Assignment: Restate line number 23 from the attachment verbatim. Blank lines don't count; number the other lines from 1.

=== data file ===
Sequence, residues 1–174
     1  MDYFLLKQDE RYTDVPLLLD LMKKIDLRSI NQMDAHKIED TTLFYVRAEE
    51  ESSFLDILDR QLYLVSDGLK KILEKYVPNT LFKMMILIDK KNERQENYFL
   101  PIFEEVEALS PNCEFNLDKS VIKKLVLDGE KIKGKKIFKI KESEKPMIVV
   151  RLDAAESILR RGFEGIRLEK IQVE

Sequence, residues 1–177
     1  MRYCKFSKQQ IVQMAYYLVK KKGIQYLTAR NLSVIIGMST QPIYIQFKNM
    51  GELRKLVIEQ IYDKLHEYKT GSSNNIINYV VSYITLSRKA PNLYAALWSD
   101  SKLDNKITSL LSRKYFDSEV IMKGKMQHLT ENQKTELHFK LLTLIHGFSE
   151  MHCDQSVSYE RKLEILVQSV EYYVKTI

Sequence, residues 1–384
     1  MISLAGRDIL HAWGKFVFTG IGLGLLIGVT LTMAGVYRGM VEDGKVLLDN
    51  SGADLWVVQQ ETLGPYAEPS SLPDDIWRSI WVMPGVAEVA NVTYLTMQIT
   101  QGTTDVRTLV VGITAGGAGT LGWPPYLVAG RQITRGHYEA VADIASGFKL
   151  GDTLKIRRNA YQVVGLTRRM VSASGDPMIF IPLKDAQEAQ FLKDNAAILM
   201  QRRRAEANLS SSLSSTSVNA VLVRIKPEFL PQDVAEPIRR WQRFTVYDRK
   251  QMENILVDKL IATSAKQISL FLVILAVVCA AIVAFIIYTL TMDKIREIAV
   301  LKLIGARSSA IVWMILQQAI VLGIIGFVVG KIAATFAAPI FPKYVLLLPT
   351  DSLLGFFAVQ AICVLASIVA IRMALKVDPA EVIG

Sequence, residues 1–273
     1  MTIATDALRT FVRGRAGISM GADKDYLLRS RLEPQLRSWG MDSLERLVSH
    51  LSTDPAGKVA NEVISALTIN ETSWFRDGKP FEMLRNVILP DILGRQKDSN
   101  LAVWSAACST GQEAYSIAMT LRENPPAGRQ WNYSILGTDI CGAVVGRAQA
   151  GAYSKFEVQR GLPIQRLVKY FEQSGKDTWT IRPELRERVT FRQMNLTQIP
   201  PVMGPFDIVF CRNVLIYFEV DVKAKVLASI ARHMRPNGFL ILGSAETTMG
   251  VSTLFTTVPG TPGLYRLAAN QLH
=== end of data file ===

   101  LAVWSAACST GQEAYSIAMT LRENPPAGRQ WNYSILGTDI CGAVVGRAQA